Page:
For most of you, the just the name Alicante probably conjures up images of noisy hen-do goers swigging bottles of Lambrini and translucent overweight bodies lying on a crowded beach.
Alicante has a bad name, but this is mainly because its airport offers very cheap flights from the UK. And it is the gateway to the dreaded Benidorm which is very package holiday-esque. I’m not going to lie, I did hear people behind us on our BA flight saying that since it was already 11am, it was most definitely ‘San Miguel o’clock’. Charming. And a little bit funny. But mainly I was relieved to hear they were going to Benidorm, not to Alicante itself.
So perhaps this bad name has been given unfairly. I went for a weekend with Rob and his parents and saw a different side to Alicante. Yes, it still attracts some fairly unattractive crowds – but it’s sunny most of the year round and has a nice beach and very clear blue seas – so why not? What it also has, probably surprisingly for the stags and hens, is a very Spanish side to it. A local side. Which makes it much more than just a beach destination.
Where to stay
Alicante’s iconic hotel, right on the sea. Incredible views – so opting for a sea view room is definitely recommended. Yes, it’s huge (500 or so rooms) and not that pretty, but it’s not a high rise and it offers amazing value for money. Opt for the ‘Level’ floor (5th) and you have access to their version of a Club Lounge. With separate reception and free booze and snacks throughout the day until 10pm, it’s a very good deal. They also have a (sadly very small) terrace with those amazing sea views. Rooms are clean and of a good size, bathrooms pretty high tech with jacuzzi baths and serious power showers. There is a (cold) pool with lots of decking for sunbathing – and views of either the marina or the sea. And another plus of it being a big hotel is that the breakfast buffet is ginormous and very good.
If you prefer small boutique hotels perhaps opt for the charming Hospes Amerigo, which is in the old town (El Barrio). While it may lack the facilities Melia offers, is a bit more authentic, especially since it was an old convent.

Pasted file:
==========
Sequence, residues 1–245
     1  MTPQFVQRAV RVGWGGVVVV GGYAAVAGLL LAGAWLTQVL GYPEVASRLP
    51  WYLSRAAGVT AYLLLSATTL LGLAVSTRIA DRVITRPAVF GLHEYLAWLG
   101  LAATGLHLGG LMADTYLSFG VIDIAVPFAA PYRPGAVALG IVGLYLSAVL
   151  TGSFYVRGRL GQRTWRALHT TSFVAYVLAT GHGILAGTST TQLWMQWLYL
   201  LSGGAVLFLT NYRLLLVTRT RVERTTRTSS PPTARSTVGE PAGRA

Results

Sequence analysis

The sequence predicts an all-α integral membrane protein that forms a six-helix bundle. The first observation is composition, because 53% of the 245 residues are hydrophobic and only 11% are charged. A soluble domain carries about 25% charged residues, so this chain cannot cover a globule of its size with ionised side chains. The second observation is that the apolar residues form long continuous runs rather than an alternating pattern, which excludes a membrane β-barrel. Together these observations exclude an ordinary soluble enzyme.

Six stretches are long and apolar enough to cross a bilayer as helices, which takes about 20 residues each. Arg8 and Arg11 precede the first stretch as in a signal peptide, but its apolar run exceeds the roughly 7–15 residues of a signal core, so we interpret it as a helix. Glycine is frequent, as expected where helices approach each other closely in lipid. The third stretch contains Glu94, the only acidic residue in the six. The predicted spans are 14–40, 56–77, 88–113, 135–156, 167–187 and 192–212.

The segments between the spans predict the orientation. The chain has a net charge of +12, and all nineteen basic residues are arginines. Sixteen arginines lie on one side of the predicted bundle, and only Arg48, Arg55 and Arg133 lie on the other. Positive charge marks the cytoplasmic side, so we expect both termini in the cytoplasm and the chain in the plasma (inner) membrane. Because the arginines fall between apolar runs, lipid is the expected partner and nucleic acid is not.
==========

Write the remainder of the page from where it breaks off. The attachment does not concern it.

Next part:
Where to eat
Nou Manolin €€€
This is place beloved by locals. Get there early (i.e when it opens for dinner at 20:15) to avoid crowds, as you can’t book if you want to sit around the bar. And that is very much where you want to sit (though they have got lots of tables upstairs). Atmospheric, a little noisy at times, and so so Spanish. It’s all about the tapas here – fresh grilled tiger prawns, delicious montaditos (thinly sliced toasted bread with toppings of your choice), thinly sliced artichokes and dates wrapped in bacon. Everything is just less oily than what I usually expect from Spanish food, and tastes so good. We left at 11pm and grateful couples fell into our seats. Service is good too.
Calle Rafael Terol 1
We came across this little restaurant on the shady Gabriel Miro square in the centre of Alicante. It’s terrace on the square appealed to us, as did its non-English menu and the clearly very local diners. It was lunch time and we weren’t hugely hungry, so we just ordered a steak tartar and prawn tempura. The service was grumpy, but the house wine (3.60 Euro a glass) made up for it. And the food was good too, and reasonably priced.
Calle Cesar Elguezabal 64
Located on a quiet side street of the busy Alfonso X El Sabio – Jamillano offers very basic but delicious Spanish food. We went here on our first night and just ordered a selection on tapas. Their montaditos are phenomenal. But they are probably most famous for their tuna ‘Mohama’ (air dried cured tuna) – something I had never tried before but definitely approved of. This is a simple place, with friendly service and very affordable tapas.
This is clearly a chain but judging but the almost constant queues outside this place (we passed it on numerous occasions) this is a very good bakery. Through the window I could see the piles of buns, pastries & cakes. Irresistible. Come here to grab a take away coffee (they are good) and a brownie. That’s what we did and we did not regret it.
Where to drink
This is known as the Old Town – the charming side of Alicante. Here you’ll find plenty of bars , many with Happy Hour which lasts until 11pm. Mixture of tourists (mainly Brits) and locals.
Calle de Castanos
This street is filled with fun bars and restaurants, all with big terraces outside. Great atmosphere.
What to see
Castle of Santa Barbara
You can see it from pretty much wherever you stand in Alicante – perched high on a cliff overlooking the city. It also happens to be one of Europe’s oldest medieval castles. The walk up is quite a trek – we only made it half way, from which the views are still very impressive – but apparently it is worth it.
This is Alicante’s most authentic pocket. I love it! White washed houses, cobbled streets, narrow alleyways, coloured flower pots spilling with flowers, intricate tiled doorways, beautiful street named placards. Families & friends sit outside on little white plastic chairs, playing games or gossiping in the May sun. The Ermita of Santa Cruz is apparently also worth a look, but when we went it was shut.
Playa del Postiguet – the beach (of course)
Alicante’s main beach, right in the centre of centre is clean, the sand soft and the sea safe to swim in. It is a really great city beach.